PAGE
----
Harry Eastlack looked like any other baby when he was born in Philadelphia in 1933, save for an inward-turned big toe, but at age ten, he developed a swelling and stiffness in his neck and back. The group of Philadelphia doctors that treated Harry would soon discover that the soft tissues of his body including muscles and cartilage were slowly, painfully transforming into bone, twisting and fusing the young man’s body until his death at age 40. His plight is known as fibrodysplasia ossificans progressiva (FOP), and it’s caused by an autosomal dominant mutation, usually arising de novo in 2 out of every million people. In the last talk at the 2008 Society for Developmental Biology meeting in Philadelphia, Eileen Shore from the University of Pennsylvania School of Medicine talked about her work from bedside to bench with children with FOP.
After a long search over many years for a handful of families who have passed on the trait across generations, she and a group of researchers were able to link the disease to a single base substitution in a gene for a bone morphogenetic protein type I receptor called ACVR1 in 2006. In the years since, Shore and a group of collaborators has worked to define how this tiny mutation could cause such a devastating disease. In cell culture, in zebrafish, and biochemically, a picture began to emerge of a pathway that is not completely turned on but is very sensitive to a ligand. Recently Shore and colleagues have had success in engineering a mouse with the mutant gene knocked in. Though they haven’t finished developing the line, chimeras containing both the mutant gene cells and normal mouse cells have a similar inward turned big toe on their feet and are beginning to show signs of bone formation in soft tissues. Hopefully, using these chimeras, her group will be able to breed a pure line of mice with the disorder in which drugs to treat the disease can be screened and tested.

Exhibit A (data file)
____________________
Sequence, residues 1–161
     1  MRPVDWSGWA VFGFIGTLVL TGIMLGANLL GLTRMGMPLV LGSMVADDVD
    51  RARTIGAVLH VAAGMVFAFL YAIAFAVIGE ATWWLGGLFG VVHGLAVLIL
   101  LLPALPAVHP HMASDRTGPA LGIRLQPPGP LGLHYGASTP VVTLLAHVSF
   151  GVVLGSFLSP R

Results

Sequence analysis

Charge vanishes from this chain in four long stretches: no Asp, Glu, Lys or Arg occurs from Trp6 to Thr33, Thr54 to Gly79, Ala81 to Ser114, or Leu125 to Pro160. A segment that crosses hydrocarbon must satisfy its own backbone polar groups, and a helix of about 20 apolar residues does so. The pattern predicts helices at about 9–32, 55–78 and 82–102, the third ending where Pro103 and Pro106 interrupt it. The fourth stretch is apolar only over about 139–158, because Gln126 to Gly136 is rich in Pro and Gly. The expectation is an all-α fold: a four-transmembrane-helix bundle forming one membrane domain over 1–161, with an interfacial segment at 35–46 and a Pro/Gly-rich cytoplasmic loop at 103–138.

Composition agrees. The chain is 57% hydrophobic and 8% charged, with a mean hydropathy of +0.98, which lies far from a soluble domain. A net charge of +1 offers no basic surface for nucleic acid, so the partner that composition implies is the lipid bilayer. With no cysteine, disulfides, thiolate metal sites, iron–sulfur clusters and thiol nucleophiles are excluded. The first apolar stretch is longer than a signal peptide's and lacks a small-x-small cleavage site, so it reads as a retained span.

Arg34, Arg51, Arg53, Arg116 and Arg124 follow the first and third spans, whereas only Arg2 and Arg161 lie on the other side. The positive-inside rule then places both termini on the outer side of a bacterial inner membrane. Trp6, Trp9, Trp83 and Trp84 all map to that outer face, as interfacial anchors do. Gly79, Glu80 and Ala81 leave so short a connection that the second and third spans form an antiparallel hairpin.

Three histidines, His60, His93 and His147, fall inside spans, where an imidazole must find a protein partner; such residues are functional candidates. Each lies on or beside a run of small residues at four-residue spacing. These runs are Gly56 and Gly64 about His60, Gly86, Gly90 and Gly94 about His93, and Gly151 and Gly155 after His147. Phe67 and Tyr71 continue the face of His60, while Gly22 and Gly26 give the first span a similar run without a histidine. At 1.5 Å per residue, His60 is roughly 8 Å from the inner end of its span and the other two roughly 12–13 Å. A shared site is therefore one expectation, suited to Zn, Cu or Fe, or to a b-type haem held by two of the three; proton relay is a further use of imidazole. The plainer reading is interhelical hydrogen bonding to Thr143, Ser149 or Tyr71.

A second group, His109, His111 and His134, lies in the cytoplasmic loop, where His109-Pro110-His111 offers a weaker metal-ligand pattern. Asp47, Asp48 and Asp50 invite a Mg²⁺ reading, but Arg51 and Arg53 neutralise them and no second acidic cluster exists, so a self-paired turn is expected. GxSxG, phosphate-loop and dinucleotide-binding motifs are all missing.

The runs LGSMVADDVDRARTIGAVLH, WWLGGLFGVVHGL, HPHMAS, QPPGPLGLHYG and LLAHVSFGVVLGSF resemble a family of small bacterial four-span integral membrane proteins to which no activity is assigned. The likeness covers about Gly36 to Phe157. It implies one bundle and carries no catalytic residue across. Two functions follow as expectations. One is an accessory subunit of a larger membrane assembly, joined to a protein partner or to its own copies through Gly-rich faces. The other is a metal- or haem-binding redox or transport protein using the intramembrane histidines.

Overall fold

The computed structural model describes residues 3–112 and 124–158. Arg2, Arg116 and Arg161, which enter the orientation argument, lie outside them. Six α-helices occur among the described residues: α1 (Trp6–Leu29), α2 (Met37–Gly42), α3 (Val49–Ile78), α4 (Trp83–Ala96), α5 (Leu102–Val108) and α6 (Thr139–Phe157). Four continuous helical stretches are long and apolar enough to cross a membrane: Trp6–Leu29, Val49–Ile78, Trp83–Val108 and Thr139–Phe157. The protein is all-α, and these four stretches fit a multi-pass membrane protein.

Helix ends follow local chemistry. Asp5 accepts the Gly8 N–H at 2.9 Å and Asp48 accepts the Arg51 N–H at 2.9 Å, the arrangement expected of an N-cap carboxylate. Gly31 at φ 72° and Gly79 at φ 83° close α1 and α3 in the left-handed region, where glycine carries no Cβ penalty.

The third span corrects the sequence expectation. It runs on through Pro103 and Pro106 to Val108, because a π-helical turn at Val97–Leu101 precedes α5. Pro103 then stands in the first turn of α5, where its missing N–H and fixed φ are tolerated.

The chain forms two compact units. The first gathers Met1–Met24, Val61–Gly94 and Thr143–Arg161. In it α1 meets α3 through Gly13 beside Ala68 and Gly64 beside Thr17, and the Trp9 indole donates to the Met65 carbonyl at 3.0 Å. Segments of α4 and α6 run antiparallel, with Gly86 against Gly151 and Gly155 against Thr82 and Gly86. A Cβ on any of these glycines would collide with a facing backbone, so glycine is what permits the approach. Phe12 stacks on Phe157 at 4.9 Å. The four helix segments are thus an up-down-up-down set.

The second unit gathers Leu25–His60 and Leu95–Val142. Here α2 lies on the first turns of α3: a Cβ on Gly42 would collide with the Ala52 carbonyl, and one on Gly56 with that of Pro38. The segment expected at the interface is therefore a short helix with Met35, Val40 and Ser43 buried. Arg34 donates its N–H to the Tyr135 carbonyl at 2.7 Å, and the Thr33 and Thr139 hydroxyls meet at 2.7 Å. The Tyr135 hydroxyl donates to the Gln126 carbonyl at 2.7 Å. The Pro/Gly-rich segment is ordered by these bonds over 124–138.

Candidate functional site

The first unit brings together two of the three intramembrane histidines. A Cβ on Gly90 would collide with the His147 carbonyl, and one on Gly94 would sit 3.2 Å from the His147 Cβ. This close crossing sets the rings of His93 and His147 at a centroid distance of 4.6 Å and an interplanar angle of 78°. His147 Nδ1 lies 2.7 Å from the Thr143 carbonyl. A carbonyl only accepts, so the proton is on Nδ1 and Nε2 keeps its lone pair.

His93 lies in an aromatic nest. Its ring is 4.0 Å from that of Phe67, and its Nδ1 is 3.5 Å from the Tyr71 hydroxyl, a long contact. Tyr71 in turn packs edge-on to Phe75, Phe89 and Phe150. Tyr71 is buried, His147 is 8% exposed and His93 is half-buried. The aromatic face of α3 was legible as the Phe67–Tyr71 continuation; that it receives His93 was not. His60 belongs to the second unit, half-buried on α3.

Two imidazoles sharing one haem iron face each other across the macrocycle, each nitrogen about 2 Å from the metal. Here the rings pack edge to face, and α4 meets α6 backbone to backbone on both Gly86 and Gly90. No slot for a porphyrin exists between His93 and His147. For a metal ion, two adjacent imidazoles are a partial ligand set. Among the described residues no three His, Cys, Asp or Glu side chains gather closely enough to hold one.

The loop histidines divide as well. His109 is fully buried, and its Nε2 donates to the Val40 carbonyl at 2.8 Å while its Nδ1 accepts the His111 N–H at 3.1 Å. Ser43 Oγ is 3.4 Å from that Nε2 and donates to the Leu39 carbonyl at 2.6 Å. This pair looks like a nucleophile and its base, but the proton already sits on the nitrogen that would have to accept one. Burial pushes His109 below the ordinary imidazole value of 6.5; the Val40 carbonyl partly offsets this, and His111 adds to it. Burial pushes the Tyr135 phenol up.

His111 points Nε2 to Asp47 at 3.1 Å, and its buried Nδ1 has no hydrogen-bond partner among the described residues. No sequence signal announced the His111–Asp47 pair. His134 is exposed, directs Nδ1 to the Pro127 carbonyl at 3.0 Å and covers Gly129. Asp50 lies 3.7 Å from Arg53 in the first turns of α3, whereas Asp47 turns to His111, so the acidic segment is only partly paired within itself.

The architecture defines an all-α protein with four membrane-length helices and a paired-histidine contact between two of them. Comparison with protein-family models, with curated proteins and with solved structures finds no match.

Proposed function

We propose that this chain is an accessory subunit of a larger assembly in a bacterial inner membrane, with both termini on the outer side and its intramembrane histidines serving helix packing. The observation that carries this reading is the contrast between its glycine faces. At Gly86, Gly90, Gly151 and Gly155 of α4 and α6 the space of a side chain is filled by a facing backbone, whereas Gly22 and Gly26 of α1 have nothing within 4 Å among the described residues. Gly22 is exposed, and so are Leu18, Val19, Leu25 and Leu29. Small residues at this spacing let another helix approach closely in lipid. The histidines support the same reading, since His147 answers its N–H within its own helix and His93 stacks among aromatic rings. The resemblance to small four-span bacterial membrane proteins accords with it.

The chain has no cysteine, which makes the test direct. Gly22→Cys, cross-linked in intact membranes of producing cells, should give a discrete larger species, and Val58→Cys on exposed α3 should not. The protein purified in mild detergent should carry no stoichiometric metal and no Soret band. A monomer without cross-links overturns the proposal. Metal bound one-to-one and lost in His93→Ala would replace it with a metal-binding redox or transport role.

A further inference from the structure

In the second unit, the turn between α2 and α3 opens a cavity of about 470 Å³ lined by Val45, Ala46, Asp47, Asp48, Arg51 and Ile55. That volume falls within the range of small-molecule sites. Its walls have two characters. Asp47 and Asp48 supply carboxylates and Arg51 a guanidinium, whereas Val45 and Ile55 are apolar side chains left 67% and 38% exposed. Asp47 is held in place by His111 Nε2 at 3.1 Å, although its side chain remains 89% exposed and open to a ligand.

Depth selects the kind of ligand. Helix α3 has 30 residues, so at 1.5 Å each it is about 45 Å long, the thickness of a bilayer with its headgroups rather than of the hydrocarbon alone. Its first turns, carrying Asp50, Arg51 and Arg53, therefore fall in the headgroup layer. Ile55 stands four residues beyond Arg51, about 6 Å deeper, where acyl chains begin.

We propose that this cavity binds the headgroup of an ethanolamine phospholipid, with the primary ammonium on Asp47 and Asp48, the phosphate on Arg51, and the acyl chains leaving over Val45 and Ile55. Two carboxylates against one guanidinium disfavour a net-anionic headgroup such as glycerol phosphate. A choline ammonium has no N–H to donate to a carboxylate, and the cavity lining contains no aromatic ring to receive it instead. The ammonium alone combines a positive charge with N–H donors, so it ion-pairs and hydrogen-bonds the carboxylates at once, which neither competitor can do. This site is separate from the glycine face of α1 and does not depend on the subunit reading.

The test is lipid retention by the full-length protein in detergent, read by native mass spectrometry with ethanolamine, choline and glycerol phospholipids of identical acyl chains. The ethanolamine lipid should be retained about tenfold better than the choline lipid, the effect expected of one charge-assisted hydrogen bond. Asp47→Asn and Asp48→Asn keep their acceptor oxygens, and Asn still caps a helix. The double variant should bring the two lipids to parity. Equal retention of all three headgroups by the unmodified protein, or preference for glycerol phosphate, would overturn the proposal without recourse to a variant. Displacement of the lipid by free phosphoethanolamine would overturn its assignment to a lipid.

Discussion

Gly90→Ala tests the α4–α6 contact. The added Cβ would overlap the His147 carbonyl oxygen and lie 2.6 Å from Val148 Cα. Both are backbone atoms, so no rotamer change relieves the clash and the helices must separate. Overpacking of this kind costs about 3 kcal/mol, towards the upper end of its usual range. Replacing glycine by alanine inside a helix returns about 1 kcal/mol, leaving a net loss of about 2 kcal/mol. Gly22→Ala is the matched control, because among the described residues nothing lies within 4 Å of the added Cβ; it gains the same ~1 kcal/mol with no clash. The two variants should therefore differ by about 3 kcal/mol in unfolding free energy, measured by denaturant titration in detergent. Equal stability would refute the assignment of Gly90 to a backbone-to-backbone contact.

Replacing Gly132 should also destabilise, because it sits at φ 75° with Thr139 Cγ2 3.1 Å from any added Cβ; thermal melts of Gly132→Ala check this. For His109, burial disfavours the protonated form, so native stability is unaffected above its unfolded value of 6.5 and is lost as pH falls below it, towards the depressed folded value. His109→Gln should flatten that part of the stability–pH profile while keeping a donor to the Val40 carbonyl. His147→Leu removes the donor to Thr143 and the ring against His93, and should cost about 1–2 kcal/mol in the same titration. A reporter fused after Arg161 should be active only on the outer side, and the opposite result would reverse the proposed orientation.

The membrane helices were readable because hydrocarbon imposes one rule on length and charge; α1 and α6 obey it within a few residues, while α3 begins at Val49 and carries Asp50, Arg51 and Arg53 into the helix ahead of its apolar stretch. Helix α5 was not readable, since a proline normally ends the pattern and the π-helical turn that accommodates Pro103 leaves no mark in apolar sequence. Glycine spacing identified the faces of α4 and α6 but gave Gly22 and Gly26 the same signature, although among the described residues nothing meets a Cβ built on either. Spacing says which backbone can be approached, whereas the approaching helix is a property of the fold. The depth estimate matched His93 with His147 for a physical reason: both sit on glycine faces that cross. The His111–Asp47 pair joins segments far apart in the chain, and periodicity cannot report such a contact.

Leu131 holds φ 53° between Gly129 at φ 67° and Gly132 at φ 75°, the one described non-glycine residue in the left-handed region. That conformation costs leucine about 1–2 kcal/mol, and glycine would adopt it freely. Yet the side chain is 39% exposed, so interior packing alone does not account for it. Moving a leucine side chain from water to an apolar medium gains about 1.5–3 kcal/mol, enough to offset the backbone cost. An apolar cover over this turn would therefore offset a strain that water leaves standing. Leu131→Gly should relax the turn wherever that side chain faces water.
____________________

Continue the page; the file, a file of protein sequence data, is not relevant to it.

It was a stirring story and a great preparatory talk leading up to the meeting’s closing celebration at Philadelphia’s hallowed Mutter Museum at the College of Physicians of Philadelphia. Harry Eastlack decided at age 20 that he would donate his skeleton to advance research on the disease that plagued his life, and it is a centrepiece to the Mutter’s amazing exhibits. See pictures here. They’re a chilling reminder of what can happen when development goes awry.